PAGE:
Campaigners tend to be concerned about the aesthetic impact of wind turbines on the countryside and this must be taken into account. Less valid, however, are claims often made about the effectiveness of wind power technology. The Institute for Public Policy Research has shown that wind power is an effective way to reduce carbon emissions. Furthermore, challenges posed by the variable nature of how much electricity wind farms produce, because the wind doesn’t always blow, are often overstated. This variability can be easily accommodated by the grid, posing no threat of power interruptions, at the levels of deployment expected for the technology by 2020.

The scale of opposition to onshore wind often seems larger than it is. This is because campaigners concerns have been amplified by certain segments of the press and championed by several government ministers including the Energy Minister, John Hayes. In fact most of the UK public consistently supports expanding the use of the technology.

These supporters should get angry if their money is used to support wind farms in Ireland instead of the UK, because major job and economic opportunities will be lost.

Editor's note: The headline of this piece was changed on 25 January at 15:45

Wind farms. Photograph: Getty Images

Reg Platt is a Research Fellow at IPPR. He tweets as @regplatt.

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Arsène Wenger: how can an intelligent manager preside over such a hollowed-out team?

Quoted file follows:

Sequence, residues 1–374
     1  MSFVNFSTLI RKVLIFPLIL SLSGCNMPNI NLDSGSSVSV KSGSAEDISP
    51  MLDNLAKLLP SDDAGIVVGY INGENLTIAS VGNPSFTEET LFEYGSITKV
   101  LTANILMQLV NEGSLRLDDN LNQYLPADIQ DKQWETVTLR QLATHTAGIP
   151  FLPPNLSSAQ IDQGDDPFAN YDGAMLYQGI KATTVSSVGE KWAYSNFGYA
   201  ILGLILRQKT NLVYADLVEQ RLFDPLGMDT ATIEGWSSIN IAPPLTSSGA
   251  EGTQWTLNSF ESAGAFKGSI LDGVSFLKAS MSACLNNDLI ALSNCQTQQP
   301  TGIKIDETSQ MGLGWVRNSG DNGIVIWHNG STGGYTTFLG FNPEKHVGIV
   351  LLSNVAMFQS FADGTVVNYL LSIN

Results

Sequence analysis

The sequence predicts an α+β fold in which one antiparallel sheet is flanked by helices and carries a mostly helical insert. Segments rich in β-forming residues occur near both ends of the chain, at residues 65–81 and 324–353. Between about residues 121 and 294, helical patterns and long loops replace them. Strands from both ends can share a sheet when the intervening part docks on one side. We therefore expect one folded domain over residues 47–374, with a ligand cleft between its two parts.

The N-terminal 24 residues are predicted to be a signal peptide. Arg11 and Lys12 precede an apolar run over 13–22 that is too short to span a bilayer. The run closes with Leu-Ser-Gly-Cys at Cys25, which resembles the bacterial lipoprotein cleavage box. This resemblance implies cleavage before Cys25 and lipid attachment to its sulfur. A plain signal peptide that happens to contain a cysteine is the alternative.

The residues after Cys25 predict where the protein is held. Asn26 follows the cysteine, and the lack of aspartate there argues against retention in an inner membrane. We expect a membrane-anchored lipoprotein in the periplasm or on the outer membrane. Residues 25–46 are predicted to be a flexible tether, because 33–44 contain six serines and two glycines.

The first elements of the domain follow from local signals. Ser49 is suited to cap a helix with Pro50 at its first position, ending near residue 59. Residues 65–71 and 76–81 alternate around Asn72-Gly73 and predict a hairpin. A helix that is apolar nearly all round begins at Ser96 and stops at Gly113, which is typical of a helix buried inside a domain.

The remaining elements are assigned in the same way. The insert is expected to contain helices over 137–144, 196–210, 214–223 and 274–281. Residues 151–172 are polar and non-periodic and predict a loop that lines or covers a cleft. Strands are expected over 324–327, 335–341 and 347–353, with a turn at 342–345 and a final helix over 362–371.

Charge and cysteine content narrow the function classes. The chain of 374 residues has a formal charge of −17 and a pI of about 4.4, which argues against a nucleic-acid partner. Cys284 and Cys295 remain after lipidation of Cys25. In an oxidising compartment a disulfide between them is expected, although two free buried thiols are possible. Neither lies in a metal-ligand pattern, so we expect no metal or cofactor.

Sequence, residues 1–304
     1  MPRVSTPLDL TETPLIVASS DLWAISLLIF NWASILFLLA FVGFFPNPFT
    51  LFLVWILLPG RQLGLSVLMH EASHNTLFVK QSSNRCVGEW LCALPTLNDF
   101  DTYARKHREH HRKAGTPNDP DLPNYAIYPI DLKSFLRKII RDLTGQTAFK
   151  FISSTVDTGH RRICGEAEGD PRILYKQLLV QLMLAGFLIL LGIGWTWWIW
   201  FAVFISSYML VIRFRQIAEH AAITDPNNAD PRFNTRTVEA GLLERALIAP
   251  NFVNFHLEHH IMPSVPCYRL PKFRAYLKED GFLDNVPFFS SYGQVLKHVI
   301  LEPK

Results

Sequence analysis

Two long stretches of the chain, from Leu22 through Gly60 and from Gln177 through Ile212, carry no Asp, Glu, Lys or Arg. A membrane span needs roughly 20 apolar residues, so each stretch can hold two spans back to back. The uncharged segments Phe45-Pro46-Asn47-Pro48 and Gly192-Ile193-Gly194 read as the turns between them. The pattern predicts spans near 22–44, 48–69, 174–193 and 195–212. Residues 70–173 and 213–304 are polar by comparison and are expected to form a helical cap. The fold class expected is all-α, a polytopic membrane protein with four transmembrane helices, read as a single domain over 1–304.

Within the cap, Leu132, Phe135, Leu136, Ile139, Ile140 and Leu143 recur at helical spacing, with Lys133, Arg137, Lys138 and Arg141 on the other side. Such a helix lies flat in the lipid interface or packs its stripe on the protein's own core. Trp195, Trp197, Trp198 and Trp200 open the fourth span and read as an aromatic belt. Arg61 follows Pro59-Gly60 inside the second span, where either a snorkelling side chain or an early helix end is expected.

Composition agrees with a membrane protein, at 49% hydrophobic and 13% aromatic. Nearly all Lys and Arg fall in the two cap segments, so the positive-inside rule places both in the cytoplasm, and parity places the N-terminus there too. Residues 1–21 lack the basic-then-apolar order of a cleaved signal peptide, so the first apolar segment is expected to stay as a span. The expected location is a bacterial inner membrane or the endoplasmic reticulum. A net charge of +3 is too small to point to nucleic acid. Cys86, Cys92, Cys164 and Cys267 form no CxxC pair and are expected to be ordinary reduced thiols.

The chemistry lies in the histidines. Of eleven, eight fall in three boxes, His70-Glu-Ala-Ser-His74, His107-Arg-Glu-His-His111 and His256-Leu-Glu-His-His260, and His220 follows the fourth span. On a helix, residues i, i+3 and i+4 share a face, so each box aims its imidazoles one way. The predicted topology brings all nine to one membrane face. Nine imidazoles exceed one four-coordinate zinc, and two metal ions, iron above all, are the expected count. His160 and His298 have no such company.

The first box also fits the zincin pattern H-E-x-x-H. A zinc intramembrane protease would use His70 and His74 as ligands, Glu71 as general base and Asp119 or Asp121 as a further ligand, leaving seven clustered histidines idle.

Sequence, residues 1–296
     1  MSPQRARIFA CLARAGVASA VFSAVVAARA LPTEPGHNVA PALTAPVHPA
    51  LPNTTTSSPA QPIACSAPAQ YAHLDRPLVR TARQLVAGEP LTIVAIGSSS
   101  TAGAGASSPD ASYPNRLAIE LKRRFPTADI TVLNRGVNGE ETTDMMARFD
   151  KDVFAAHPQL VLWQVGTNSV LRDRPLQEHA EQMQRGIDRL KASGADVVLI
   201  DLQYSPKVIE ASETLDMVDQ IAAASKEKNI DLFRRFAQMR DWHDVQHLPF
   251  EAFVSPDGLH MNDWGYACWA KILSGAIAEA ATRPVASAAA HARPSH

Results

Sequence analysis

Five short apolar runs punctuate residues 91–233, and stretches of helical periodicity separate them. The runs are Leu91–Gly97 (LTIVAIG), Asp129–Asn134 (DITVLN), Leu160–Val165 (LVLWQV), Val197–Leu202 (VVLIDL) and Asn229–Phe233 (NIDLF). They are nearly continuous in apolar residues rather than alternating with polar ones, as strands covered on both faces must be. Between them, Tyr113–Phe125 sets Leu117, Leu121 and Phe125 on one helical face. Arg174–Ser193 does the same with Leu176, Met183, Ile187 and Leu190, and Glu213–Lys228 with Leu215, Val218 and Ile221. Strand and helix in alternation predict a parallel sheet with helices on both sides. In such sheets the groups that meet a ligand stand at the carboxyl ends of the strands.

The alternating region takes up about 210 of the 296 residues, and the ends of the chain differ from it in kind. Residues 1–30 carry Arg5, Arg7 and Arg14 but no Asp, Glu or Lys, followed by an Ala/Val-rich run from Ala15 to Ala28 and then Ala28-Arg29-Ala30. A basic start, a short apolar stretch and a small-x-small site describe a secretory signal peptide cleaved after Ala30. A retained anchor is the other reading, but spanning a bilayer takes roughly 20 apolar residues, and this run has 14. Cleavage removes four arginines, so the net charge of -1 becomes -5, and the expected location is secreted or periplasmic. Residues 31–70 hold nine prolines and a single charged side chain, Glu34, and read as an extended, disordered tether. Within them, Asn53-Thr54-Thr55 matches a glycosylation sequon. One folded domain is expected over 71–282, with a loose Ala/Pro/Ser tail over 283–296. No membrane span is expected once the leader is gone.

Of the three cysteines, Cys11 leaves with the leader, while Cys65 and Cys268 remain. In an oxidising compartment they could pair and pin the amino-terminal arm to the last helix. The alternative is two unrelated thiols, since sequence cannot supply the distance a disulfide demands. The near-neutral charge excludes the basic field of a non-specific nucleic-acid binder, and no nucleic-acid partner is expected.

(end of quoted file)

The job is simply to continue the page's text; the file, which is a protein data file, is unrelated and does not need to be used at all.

The Arsenal manager faces a frustrating legacy.

Sport is obviously not all about winning, but it is about justified hope. That ­distinction has provided, until recently, a serious defence of Arsène Wenger’s Act II – the losing part. Arsenal haven’t won anything big for 13 years. But they have been close enough (and this is a personal view) to sustain the experience of investing emotionally in the story. Hope turning to disappointment is fine. It’s when the hope goes, that’s the problem.

Defeat takes many forms. In both 2010 and 2011, Arsenal lost over two legs to Barcelona in the Champions League. Yet these were rich and rewarding sporting experiences. In the two London fixtures of those ties, Arsenal drew 2-2 and won 2-1 against the most dazzling team in the world. Those nights reinvigorated my pride in sport. The Emirates Stadium had the best show in town. Defeat, when it arrived in Barcelona, was softened by gratitude. We’d been entertained, more than entertained.